So why following an imperfect system of purification of sins when you’re aware that you’re already forgiven through what Jesus did? If these long established system could actually forgive sins then why was it necessary to repent again for what was forgiven in the past? Either it was forgiven or it was not. The Jews hoped they were forgiven because they tried their best to denied themselves and went through penitence. But who could say that he has denied himself enough, confessed all his sins, did enough good and deserved to be forgiven? This is the reason why the Jews were still feeling guilty in their conscience.  In their conscience, they knew that the degree of their righteousness depended on their performance to convince God. No one can bargain with God for sin’s forgiveness anyway.  Animal sacrifice could only cover sins and not remove them, so that’s another reason why the Jew’s conscience was still guilty. Even today people offer fruits to their gods, go through penitence, walk long distances, do good works, deprive themselves of pleasures and food to try to obtain God’s favor. But deep down their soul and conscience they know that they are not forgiven by  whatever they did. They still have this burden of guilt haunting them.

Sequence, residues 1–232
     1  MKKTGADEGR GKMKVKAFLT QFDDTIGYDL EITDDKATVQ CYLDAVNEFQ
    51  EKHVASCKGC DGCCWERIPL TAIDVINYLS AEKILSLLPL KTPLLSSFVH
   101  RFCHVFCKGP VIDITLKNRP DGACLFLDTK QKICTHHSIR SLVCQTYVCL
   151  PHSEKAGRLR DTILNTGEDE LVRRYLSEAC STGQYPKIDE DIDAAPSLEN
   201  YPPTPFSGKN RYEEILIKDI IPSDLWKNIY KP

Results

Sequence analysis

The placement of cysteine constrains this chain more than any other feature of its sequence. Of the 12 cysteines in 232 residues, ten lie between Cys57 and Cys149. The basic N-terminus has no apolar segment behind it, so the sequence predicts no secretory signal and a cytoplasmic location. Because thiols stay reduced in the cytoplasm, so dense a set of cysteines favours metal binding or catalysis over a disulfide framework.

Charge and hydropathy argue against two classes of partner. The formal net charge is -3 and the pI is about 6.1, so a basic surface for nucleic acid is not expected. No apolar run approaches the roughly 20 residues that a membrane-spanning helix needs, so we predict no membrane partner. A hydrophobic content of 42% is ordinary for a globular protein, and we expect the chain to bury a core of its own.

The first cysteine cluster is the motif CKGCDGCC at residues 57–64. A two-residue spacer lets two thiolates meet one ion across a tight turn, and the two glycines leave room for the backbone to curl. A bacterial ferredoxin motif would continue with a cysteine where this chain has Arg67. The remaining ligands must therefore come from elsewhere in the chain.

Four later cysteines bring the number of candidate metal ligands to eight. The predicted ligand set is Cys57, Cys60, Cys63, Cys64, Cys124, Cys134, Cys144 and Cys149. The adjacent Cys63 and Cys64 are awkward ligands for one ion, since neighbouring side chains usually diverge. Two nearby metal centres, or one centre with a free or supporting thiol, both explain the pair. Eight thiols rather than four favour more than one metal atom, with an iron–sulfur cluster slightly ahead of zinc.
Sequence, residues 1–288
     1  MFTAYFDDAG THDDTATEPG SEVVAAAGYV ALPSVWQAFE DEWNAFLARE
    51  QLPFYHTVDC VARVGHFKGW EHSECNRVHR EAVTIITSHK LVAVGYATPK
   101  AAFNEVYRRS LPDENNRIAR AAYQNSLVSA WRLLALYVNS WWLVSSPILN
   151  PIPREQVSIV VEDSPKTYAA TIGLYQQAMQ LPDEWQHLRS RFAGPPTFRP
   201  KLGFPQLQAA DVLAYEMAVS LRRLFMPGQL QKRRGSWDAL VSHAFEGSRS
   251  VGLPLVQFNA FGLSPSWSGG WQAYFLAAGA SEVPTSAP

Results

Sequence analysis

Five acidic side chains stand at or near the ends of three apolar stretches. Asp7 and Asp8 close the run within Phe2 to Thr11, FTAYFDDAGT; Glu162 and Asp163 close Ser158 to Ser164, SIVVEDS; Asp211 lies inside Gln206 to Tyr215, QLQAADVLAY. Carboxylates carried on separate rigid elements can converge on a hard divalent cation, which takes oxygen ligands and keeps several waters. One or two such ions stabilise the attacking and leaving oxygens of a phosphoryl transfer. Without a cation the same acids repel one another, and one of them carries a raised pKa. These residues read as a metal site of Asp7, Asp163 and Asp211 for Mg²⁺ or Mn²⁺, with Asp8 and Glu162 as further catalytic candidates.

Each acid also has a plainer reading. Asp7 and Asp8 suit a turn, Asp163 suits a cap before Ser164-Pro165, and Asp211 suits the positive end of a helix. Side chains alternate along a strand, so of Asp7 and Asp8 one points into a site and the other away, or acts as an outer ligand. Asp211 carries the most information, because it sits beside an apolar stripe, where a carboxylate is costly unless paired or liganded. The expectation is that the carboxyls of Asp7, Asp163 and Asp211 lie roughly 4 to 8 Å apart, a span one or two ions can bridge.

This is why the author said:

“If they could have provided perfect cleansing, the sacrifices would have stopped, for the worshipers would have been purified once for all time, and their feelings of guilt would have disappeared.But instead, those sacrifices actually reminded them of their sins year after year.”

Our epistle and the new covenant tell us that we are forgiven if we trust in Jesus. It no longer depends on what we do but on what Jesus did. We trust and believe that Jesus dealt with our sins. This is not to say that we no longer have to acknowledge and confess our sins. On the contrary, we’ll boldly go to our High Priest telling Him everything we did because we are convinced that He is faithful and just to forgive us.

If we claim we have no sin, we are only fooling ourselves and not living in the truth. But if we confess our sins to him, he is faithful and just to forgive us our sins and to cleanse us from all wickedness. If we claim we have not sinned, we are calling God a liar and showing that his word has no place in our hearts.” 1 John 1:9

The Jews did not have the certitude that they were entirely forgiven because their forgiveness depended on their performance. So who could say boldly he was forgiven? But the Christian knows with certitude he is forgiven because this burden to perform is removed. It does not depend on what he does but on what Jesus did. Christians do not claim they have no sins. They do not wait for a special religious day to ask for forgiveness. Though not proud of their sins, gladly and boldly they go to God’s throne by acknowledging their wrong doings. Without a shadow of doubt they know they are forgiven because they know who Jesus is.

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Posted March 23, 2013 by Cedric in Theology